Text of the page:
Pitching is the same as flipping in that you can present your lure into tight spots with very good accuracy. You can also place your lure with out spooking the bass by keeping it on a low trajectory and softly entering the water.
This is another one the main bass fishing techniques that I recommend for all bass anglers to learn and master. This technique will make you a better and more proficient bass fisherman. Your wife and family may think you have gone crazy but I would spend some time in the yard learning and practicing this technique until you are comfortable with it.
Where flipping really limits the distance between you and your target, pitching will let you stay further back. I have seen pitches go upwards of 50 feet but it is much more accurate at 20 - 30 feet.
To have the most accuracy with this technique, I recommend a longer rod. As with flipping, I prefer a 7’ to 7’ 6” heavy power rod with a fast action tip but you can get away with a bit shorter one if it fits you better. There are many rods on the market that are made specifically for this technique.
Attached to this heavy rod, I like to have a smooth working and free spooling bait casting reel. The reel should be able to handle heavy line up to 30 pounds. Unlike flipping where I recommend 20 - 30 pound mono line, with pitching you can use most any line. It is important to size your line to the lure that you are going to be pitching. If the line is too heavy and you are using a smaller lure, the professional over-run (back-lash) will be a disaster. Keep in mind that lighter line is less abrasion resistant and could cause problems in heavier cover.
The line that you spool up on your pitching rig should be matched to the conditions you will fishing in. A little experimentation goes a long ways here. That time spent in the yard should help you decide what strength line you will be needing. As with flipping, I like the Berkeley big game for this type of application. It is very good line at a very good price and comes on big spools so that I can re-spool my reels often with out breaking the bank.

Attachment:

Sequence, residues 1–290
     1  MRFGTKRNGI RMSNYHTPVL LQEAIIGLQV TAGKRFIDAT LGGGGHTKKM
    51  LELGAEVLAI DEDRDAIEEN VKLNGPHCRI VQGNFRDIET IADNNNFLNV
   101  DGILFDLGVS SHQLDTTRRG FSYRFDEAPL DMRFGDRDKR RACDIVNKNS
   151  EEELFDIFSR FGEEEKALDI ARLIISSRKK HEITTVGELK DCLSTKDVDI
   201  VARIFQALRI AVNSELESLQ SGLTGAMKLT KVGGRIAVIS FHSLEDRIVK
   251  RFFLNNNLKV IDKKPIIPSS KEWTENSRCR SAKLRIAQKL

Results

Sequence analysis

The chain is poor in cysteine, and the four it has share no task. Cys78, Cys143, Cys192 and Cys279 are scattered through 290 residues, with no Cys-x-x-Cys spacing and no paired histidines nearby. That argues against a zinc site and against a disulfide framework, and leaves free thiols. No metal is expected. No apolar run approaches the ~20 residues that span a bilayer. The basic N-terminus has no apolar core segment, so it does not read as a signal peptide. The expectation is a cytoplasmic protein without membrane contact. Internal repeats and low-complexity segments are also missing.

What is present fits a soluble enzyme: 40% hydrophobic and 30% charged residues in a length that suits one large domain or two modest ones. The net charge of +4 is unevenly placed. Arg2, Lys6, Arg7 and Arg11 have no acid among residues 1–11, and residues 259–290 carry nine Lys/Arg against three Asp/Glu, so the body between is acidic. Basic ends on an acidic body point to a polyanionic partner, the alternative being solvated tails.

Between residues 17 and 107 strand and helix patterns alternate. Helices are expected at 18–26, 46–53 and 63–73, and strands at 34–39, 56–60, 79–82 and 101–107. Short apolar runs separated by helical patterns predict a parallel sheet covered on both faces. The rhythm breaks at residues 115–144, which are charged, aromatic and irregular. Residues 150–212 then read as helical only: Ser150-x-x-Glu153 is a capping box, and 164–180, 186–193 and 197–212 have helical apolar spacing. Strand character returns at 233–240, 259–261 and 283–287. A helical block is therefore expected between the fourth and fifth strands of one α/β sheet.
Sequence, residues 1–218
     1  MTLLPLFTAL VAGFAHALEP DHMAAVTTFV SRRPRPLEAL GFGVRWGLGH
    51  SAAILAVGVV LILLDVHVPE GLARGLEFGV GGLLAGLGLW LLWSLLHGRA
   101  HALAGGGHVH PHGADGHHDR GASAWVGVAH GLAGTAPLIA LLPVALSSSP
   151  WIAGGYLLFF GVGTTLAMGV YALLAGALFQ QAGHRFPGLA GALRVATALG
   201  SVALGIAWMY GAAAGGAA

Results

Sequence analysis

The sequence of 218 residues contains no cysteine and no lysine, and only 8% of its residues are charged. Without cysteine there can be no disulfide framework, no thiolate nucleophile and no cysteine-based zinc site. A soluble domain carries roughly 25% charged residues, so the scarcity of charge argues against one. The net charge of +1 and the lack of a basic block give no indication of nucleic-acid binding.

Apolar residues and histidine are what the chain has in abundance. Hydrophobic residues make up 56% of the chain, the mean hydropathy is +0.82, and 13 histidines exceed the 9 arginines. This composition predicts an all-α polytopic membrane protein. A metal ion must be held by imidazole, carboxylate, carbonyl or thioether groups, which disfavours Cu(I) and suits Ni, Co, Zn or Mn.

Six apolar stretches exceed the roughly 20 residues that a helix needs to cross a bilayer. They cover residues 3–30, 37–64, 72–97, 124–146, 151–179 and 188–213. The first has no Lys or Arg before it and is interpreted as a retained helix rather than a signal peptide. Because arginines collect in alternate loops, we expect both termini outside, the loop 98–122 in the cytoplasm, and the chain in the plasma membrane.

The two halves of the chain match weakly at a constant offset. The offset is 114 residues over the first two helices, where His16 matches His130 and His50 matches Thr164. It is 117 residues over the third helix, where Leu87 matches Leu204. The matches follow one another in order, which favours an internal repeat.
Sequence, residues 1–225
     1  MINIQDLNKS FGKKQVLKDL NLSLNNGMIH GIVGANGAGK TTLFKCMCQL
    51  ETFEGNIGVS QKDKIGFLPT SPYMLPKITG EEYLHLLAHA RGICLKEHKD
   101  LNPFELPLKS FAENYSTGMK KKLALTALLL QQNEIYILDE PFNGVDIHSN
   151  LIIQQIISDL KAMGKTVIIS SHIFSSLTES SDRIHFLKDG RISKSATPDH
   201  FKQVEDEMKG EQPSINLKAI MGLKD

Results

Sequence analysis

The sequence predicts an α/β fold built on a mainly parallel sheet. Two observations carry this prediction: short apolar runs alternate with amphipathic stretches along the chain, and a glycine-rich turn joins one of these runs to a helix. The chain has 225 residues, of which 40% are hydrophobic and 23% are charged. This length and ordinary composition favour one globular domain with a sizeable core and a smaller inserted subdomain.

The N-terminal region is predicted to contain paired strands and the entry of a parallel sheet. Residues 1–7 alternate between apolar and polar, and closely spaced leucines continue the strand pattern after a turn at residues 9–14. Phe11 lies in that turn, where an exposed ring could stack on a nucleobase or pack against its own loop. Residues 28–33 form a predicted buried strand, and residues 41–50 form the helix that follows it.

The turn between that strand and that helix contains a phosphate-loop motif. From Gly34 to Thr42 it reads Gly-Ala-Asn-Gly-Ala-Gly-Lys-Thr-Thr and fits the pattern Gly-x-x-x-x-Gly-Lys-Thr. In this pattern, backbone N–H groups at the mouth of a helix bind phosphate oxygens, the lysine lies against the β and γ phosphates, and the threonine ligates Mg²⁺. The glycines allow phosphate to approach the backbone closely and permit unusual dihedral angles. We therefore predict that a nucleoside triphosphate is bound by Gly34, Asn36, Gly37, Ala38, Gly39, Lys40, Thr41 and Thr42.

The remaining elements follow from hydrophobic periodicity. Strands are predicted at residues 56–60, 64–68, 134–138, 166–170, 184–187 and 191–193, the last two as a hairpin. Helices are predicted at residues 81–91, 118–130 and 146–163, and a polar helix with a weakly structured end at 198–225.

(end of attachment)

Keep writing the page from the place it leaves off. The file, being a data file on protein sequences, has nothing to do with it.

How to do it
Put your spool in the free spool mode like you are going to make a cast. Make sure to “thumb” the spool and pull out enough line to take your lure into the palm of your free hand. Make sure that the lure head is pointing in the direction of your intended cast.
With your reel still in free spool mode and the spool tension loose, hold the reel at roughly chest level and point the rod tip down toward the water.
Swing the rod tip forward toward your target and continue upward pulling the lure from your hand. It is very important not to have too tight of grip on your lure at this point. THOSE HOOKS ARE SHARP! Try not to raise the tip of the rod too high as this will cause the lure to swing high and splash down hard. Try to keep the lure as close to the water as possible.
Make sure that you have complete control of the spool by thumbing it. Apply just enough pressure so that there is no back lash during the cast. Stop the spool completely when the lure is about to reach your target and ease it into the water. You do not want to spook the fish.
Once you have hit your target, let your rod tip down and let the lure sink into the spot. I like to let the lure sink to the bottom and then hop it up and down a few times or just shake it in place. Often times this will trigger the fish to strike. As with the flipping technique always be on the look out for hungry aggressive fish that hit your lure before it hit the bottom or the structure. Many times the fish will take that lure as it falls.
Pitching is very similar to flipping in that it is basically just an underhand swing but it can be highly accurate. It should be used to target bass that are holding tight to cover. This technique allows the lure to sink vertically so that the fish sees the lure before they see the line.
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